All tauopathies, including Alzheimer’s disease (AD), are characterized by the intracellular accumulation of abnormal forms of tau protein in neurons and glial cells, which negatively affect microtubule stability. Under physiological conditions, tubulin-associated unit (Tau) protein is intrinsically disordered, almost without secondary structure, and is not prone to aggregation. In AD, it assembles, and forms paired helical filaments (PHFs) that further build-up neurofibrillary tangles (NFTs). Aggregates are composed of hyperphosphorylated tau protein that is more prone to aggregation. The pathology of AD is also linked to disturbed copper homeostasis, which promotes oxidative stress (OS). Copper imbalance is widely observed in AD patients. Deregulated copper ions may initiate and exacerbate tau hyperphosphorylation and formation of β-sheet-rich tau fibrils that ultimately contribute to synaptic failure, neuronal death, and cognitive decline observed in AD patients. The present review summarizes factors affecting the process of tau aggregation, conformational changes of small peptide sequences in the microtubule-binding domain required for these motifs to act as seeding sites in aggregation, and the role of copper in OS induction, tau hyperphosphorylation and tau assembly. A better understanding of the various factors that affect tau aggregation under OS conditions may reveal new targets and novel pharmacological approaches for the therapy of AD.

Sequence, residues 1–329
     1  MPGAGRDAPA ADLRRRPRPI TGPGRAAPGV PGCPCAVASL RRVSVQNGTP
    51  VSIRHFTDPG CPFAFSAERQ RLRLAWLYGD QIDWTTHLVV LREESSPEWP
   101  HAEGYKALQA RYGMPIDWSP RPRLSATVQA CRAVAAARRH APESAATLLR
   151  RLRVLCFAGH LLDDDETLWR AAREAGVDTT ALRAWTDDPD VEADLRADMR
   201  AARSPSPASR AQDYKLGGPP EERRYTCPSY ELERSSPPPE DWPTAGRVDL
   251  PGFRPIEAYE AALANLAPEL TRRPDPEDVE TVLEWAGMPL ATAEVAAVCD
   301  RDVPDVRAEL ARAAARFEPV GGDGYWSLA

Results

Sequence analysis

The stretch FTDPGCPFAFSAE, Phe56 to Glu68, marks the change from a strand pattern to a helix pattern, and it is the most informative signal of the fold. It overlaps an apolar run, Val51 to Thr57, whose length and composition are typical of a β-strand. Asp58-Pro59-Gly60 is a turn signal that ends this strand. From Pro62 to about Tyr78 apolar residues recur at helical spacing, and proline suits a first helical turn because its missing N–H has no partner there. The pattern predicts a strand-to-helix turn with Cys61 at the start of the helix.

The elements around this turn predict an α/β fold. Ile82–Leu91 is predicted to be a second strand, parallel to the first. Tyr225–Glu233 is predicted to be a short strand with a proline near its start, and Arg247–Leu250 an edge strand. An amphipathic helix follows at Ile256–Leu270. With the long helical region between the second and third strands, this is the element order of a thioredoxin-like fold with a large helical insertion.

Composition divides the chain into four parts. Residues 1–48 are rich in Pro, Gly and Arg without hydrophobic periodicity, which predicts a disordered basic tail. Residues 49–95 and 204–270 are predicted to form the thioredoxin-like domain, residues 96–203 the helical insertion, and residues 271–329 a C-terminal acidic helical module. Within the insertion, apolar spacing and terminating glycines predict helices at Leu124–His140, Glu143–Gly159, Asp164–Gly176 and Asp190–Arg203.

- Alzheimer’s disease
- oxidative stress